Hoping for third time lucky….

July 6, 2010

It would be a mistake to say I was looking forward to going for chemo yesterday. In fact, I slept really badly the night before because I was dreading it so much. Let’s face it, it is more than a little perverse getting up on a Monday morning and heading off for a chemical cocktail that you know is going to make you feel rotten for the rest of the week…. I just kept trying to remind myself that 1. I choose to do this and no-one is forcing it on me (although the alternative isn’t really much of an alternative and 2. I am lucky to have access to this treatment – most people in the countries I work in would not have access to the diagnosis, let alone the treatment, and even in other so-called developed countries people face financial ruin paying for this kind of treatment.

But I’m no saint, and I have my moments of self-pity, but at least I was looking forward to the treatment delivery being a bit smoother than last time due to my newly installed catheter.


After taking my pre-treatment handful of anti-nausea drugs and waiting 45 mins for them to take effect, the nurse comes to start the treatment. So I whip out my catheter, and he starts by trying to inject some saline solution into it. Nothing. No movement either in or out, the thing is blocked. He tries a few tricks he has up his sleeve. Still nothing. So then they have to go and call the anaesthetists to ask for help (for some reason that only a Doctor will know, it is anaesthetists who are responsible for installing these catheters). I then have to wait an hour or more, because the anaesthetist on duty is installing some other poor soul’s catheter. Eventually the head-honcho anaesthetist arrives and he also tries to pump saline solution into it – somewhat more aggressively than the nurse – which causes me pain up beside my collarbone. This confuses him a bit, but then he asks me to shrug my shoulders up to my ears – bingo, we have a flow! It turns out I have a rather unusual complication – my catheter has got squashed between my collar bone and my top rib (I didn’t realise my ribs went all the way up there???) which is blocking it. The good news was that by shrugging my shoulder they could use it to give me my chemo yesterday (though it isn’t very comfortable sitting with your shoulder shrugged up for a couple of hours). The bad news is that they are going to have to replace it – there is a chance that the friction can wear a whole in the tube, with the risk that the chemo seeps out into my body, and that is definitely not a risk I’m prepared to play with. So now I have to go in and have this catheter removed and a new one installed, which really doesn’t thrill me.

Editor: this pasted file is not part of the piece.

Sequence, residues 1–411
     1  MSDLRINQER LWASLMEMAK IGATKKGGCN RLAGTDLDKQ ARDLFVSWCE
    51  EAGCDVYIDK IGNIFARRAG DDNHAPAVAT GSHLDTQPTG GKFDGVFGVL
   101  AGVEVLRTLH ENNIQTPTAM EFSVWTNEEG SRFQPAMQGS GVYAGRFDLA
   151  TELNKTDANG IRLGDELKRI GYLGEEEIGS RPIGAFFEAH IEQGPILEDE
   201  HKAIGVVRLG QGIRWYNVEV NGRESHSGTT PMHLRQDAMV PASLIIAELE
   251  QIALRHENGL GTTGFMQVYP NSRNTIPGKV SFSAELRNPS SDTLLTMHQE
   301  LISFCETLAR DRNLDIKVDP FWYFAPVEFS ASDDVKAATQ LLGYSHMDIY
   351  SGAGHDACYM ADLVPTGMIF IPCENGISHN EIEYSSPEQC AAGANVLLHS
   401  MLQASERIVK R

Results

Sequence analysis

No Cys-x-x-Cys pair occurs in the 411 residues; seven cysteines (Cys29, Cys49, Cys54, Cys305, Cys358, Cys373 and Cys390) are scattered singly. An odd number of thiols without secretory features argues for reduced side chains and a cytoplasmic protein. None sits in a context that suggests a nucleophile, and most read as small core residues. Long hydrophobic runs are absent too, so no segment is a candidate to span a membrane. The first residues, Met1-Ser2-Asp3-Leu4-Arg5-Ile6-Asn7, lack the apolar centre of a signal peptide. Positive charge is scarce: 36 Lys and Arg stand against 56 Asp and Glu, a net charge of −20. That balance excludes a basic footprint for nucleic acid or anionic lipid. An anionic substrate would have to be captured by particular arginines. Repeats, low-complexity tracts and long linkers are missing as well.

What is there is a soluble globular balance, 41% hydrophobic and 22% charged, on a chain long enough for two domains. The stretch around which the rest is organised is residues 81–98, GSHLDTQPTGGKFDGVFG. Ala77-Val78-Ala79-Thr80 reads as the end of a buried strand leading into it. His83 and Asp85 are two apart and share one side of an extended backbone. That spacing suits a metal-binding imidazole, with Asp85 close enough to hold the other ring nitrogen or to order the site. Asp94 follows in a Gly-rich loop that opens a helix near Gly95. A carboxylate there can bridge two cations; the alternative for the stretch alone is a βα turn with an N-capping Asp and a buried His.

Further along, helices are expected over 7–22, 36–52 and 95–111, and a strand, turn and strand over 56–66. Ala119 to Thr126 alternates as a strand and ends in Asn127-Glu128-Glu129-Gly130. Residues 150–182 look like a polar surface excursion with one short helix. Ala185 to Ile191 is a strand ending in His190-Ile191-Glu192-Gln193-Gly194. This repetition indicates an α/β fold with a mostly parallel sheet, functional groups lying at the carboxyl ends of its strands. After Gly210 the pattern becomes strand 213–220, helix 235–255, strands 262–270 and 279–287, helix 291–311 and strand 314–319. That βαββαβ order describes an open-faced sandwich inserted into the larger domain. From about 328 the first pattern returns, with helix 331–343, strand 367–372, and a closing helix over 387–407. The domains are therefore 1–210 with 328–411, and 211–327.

So in the end I was “only” there for 4.5 hours yesterday. A one hour improvement on last time – I don’t seem to be very good at this chemo thing! I also felt much worse afterwards yesterday than last time – a bit nauseous and generally very yucky. I’m not sure if this is because the chemo went in much faster. But feeling a bit better again today, which matches the pattern last time.


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